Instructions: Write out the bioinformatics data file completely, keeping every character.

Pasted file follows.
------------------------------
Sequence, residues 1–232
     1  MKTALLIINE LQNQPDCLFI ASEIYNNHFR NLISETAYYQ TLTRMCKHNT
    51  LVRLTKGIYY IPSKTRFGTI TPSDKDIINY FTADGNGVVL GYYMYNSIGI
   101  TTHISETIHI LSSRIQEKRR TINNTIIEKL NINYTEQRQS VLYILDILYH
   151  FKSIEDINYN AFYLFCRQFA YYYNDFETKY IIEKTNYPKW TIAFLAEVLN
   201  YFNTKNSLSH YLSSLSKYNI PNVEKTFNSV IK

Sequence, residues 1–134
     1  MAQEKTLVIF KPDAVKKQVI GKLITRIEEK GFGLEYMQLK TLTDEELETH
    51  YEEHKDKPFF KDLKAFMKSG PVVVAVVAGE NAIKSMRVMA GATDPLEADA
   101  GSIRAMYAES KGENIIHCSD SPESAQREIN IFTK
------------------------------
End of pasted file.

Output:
Sequence, residues 1–232
     1  MKTALLIINE LQNQPDCLFI ASEIYNNHFR NLISETAYYQ TLTRMCKHNT
    51  LVRLTKGIYY IPSKTRFGTI TPSDKDIINY FTADGNGVVL GYYMYNSIGI
   101  TTHISETIHI LSSRIQEKRR TINNTIIEKL NINYTEQRQS VLYILDILYH
   151  FKSIEDINYN AFYLFCRQFA YYYNDFETKY IIEKTNYPKW TIAFLAEVLN
   201  YFNTKNSLSH YLSSLSKYNI PNVEKTFNSV IK

Sequence, residues 1–134
     1  MAQEKTLVIF KPDAVKKQVI GKLITRIEEK GFGLEYMQLK TLTDEELETH
    51  YEEHKDKPFF KDLKAFMKSG PVVVAVVAGE NAIKSMRVMA GATDPLEADA
   101  GSIRAMYAES KGENIIHCSD SPESAQREIN IFTK